Watch CBS News

As Americans prefer to retire earlier, the age for full retirement benefits creep up

As Americans prefer to retire earlier, the age for full retirement benefits creep up
As Americans prefer to retire earlier, the age for full retirement benefits creep up 02:57

PITTSBURGH (KDKA) - French citizens have taken to the streets in sometimes violent protests against raising their retirement age from 62 to 64.

As KDKA money editor Jon Delano explains, it comes as the United States is slowly raising its retirement age to 67.

To many Americans and other Europeans, for that matter, the French seem to be very lucky to have full retirement even at age 64.  For Americans born in 1960 or later, the retirement age is 67 with full Social Security benefits.

"Back in 1983, Ronald Reagan took action and raised the ultimate retirement age to 67," says Ward Garner, a certified financial planner.

President Reagan and House Speaker Tip O'Neill cut a bipartisan deal to save Social Security by raising both taxes and the retirement age, knowing they and members of Congress would long be dead before it took full effect in 2027.

Other countries have already raised the age with Denmark, Greece, Iceland, Israel and Italy now already at age 67.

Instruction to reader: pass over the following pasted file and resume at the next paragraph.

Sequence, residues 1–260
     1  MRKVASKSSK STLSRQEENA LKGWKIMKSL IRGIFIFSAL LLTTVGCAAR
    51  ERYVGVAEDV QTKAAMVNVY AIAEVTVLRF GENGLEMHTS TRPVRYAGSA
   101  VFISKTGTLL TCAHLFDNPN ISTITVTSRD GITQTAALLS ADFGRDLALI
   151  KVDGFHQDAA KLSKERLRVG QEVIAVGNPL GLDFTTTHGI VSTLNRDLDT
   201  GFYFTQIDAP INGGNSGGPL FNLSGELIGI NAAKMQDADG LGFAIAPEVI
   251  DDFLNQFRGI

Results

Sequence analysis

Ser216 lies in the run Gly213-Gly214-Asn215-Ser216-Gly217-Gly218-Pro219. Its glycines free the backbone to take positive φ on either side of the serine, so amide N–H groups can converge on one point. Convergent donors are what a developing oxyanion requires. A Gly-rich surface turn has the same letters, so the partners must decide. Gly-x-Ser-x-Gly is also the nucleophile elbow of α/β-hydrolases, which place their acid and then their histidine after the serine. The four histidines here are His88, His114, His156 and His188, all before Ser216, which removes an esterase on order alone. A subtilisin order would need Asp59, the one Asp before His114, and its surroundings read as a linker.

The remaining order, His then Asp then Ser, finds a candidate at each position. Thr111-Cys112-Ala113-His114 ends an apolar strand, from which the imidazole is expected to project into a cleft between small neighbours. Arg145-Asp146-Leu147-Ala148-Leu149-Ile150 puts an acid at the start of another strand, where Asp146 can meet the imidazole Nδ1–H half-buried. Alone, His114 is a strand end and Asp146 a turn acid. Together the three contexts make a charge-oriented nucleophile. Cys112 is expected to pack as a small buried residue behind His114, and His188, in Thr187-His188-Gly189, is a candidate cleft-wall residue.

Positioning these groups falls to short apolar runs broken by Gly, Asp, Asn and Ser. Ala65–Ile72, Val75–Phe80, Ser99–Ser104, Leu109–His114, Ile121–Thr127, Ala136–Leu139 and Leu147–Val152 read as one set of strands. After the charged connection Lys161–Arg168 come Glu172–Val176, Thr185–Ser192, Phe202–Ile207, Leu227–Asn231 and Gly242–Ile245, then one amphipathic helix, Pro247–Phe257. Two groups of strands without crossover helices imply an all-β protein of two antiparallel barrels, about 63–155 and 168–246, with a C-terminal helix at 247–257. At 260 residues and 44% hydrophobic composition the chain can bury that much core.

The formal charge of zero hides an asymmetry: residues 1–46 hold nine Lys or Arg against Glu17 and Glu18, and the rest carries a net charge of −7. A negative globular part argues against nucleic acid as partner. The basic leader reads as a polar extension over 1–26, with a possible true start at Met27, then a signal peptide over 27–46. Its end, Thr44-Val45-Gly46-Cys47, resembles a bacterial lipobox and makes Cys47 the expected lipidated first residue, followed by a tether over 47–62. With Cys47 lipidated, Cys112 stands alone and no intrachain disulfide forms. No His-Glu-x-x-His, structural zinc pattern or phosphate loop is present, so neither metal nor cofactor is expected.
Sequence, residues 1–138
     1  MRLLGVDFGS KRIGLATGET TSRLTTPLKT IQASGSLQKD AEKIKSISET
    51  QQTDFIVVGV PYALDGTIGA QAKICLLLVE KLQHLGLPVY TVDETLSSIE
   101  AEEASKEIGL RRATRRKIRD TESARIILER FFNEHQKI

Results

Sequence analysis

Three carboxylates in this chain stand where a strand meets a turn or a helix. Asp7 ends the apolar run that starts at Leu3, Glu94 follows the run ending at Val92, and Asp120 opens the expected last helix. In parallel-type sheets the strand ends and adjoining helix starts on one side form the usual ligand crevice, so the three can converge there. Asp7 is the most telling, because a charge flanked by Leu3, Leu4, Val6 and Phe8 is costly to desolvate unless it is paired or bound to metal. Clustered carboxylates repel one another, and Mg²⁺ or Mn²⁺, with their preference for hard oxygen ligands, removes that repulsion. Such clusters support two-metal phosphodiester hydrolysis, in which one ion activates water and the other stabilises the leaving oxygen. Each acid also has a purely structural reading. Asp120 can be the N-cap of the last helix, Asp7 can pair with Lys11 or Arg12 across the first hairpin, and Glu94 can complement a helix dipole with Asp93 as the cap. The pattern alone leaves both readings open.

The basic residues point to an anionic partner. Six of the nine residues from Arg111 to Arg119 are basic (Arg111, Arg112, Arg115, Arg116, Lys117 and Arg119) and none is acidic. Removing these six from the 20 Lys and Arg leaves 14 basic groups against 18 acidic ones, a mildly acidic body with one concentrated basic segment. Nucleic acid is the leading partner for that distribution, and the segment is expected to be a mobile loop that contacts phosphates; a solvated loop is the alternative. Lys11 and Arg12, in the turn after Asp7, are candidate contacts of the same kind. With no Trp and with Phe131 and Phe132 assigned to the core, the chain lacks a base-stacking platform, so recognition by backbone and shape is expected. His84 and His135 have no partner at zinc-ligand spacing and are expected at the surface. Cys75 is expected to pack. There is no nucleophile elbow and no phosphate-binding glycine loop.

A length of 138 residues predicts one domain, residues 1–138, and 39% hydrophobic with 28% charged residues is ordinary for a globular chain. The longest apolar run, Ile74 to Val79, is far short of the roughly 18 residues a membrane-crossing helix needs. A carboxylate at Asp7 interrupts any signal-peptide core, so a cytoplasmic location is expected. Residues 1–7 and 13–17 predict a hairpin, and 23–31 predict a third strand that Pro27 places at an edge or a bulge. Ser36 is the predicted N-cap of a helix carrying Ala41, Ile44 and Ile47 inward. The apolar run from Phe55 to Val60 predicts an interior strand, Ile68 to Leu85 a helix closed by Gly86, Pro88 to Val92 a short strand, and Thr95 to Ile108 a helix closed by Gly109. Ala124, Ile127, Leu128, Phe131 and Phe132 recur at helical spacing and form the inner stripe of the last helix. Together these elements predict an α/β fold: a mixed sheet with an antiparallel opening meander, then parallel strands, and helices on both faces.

The Netherlands, Portugal, Australia, the United States, Spain, Ireland and the United Kingdom are at age 66.

Of course, many Americans try to retire earlier, says Garner.

"Most people start their Social Security distributions at age 62 or shortly thereafter," says Garner.

But if you do that, you lose 30 percent of that regular Social Security check.

If you can work until age 70 before taking Social Security, you will get a much larger monthly check.

"If your normal retirement age is 67 and you chose not to collect benefits until the mandatory age of 70, you will collect 124 percent of your normal retirement age value," says Garner.

Surprisingly, nearly one out of 10 75-year-olds are working, and high inflation and poorly performing 401ks and IRAs keep many on the job.

Some who did retire are now back working again.  That makes the right retirement age a very personal decision.

"The desire to retire is there, but the ability oftentimes is lacking," says Garner.

As we can see in France, raising the retirement age is politically tricky.

Reagan and O'Neill were right.  If you are going to raise the retirement age to 68 or 70, do it way off in the future. That's what Ireland and the United Kingdom are doing, raising their retirement age to 68 in 2028 and 2037, respectively.  

So far, America has not yet followed.  

View CBS News In
CBS News App Open
Chrome Safari Continue
Be the first to know
Get browser notifications for breaking news, live events, and exclusive reporting.